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Dystonia and Deep Brain Stimulation

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Glossary

Glossary

Find definitions of technical terms in our glossary.

Dystonia: A Life-Altering Disorder

Dystonia is a neurological disorder caused by a dysfunction in an area of the brain responsible for controlling movement. Dystonia affects people of all ages. For some, dystonia manifests during childhood, which can lead to particularly disabling symptoms. For others, symptoms do not show until adulthood. Symptoms can progress over time and affect the entire body, or they can stay localized to a specific area.1

Causes and symptoms of dystonia

In general, dystonia is thought to be caused by dysfunction in an area of the brain called the basal ganglia. A balance of chemical and electrical signals communicates between this area and other areas of the brain to control movement.

When functioning properly, the basal ganglia regulate movement by continuously making automated adjustments. However, in dystonia, the basal ganglia do not function properly, resulting in hyperkinetic or fast-paced movements and muscle contractions, which can affect one muscle or many.

Progression of dystonia symptoms

Symptoms of dystonia often occur in different parts of the body, including the head and neck, face, eyelids, voice box or even the whole body. 

As dystonia symptoms change over time, you may have noticed the following:

  • Your dystonia symptoms spread from one area of your body to other areas of your body.
  • Your abnormal involuntary movements become worse.2
  • Your medication makes it more difficult for you to sustain attention and negatively affects your verbal memory and processing speed.3
  • You have built up an immunity to your medications or to your botulinum toxin injections.2

Living with dystonia can be challenging. Activities such driving, getting in and out of a car, completing household tasks, dressing and even eating become increasingly difficult over time.

DBS for dystonia

If your dystonia symptoms have progressed to the point where you and your physician are discussing new therapy options, you may be considering an approved therapy called deep brain stimulation (DBS). DBS has been clinically used as an option for managing some of the symptoms of dystonia when other treatments are no longer sufficient.

Dystonia symptoms that DBS targets

By enabling brain circuits that control movement to function better, DBS may relieve some of your dystonia symptoms,4 including:

  • Muscle spasms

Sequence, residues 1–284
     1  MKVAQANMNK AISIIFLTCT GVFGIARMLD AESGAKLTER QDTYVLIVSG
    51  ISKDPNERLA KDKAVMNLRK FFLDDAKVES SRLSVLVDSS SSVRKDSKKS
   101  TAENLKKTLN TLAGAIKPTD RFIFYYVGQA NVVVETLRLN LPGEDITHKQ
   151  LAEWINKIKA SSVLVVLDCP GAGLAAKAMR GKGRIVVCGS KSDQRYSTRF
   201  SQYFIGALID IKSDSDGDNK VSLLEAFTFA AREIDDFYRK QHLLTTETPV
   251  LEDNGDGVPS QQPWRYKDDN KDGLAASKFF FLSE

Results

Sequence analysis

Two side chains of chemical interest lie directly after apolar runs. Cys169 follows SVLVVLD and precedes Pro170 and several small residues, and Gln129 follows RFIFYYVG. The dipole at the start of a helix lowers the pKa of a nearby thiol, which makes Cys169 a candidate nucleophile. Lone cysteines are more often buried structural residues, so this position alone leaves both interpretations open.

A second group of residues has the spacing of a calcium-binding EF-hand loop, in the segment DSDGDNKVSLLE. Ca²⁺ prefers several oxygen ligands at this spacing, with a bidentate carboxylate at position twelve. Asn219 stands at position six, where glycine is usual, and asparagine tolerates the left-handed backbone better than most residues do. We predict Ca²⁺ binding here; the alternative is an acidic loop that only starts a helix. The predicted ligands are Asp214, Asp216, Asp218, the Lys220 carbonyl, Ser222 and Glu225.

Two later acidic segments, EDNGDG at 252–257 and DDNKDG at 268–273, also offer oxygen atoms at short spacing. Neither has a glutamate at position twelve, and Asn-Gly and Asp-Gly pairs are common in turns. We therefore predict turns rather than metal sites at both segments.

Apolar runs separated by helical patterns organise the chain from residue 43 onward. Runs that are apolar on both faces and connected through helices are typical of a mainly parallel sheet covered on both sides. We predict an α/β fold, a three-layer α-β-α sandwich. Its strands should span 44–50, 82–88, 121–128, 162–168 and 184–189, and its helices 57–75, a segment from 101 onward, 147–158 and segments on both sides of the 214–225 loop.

• Twisting
  • Involuntary contractions
  • Posturing
  • Uncontrolled movements

The goal of DBS is to help reduce the motor-related symptoms of dystonia and improve overall quality of life. Improvement from DBS is often gradual.3 The benefit is variable and depends on the type of dystonia and the presence of other conditions or illnesses.3 In primary dystonia, clinical experience demonstrates sustained long-term benefit.5 It is important to discuss with your doctor what the realistic expectations are in your individual case.

While DBS therapy is proven to help manage symptoms related to dystonia, it is important to understand that DBS is not a cure for dystonia. St. Jude Medical™ DBS therapy can treat some of the symptoms of dystonia, but does not cure the underlying condition. 

DBS therapy is not for everyone, so it is important to talk with your physician about the benefits and risks. As with any surgery or therapy, DBS has risks and complications. See more about risks for DBS therapy.

Please note that this information is not intended to be a substitute for professional medical advice from your physician or other health care providers. You should always talk with your physician about your treatment and any symptoms you are experiencing. 

REFERENCES

1. Dystonia Europe. Dystonia Europe Patient Leaflet. Brussels, Belgium. (2013). Retrieved from www.dystonia-europe.org.
2. Truong, D., Pathak, M., Frei, K. (2010). Living Well with Dystonia. New York: Hamilton Printing.
3. Okun, M. (2009). The Dystonia Patient: A Guide to Practical Management. New York: Demos Medical Publishing.
4. Andrews C, Aviles-Olmos I, Hariz M, et al. (2010). Which patients with dystonia benefit from deep brain stimulation? A metaregression of individual patient outcomes. Journal of Neurology, Neurosurgery and Psychiatry, 81(12), 1383-1389.
5. Tagliati, M., Krack, P., Volkmann, J., Aziz, T., Krauss, J. K., Kupsch, A., & Vidailhet, A. M. (2011). Long term management of DBS in dystonia: Response to stimulation, adverse events, battery changes and special considerations. Movement Disorders, 26(Suppl. 1), S54-S62. http://dx.doi.org/10.1002/mds.23535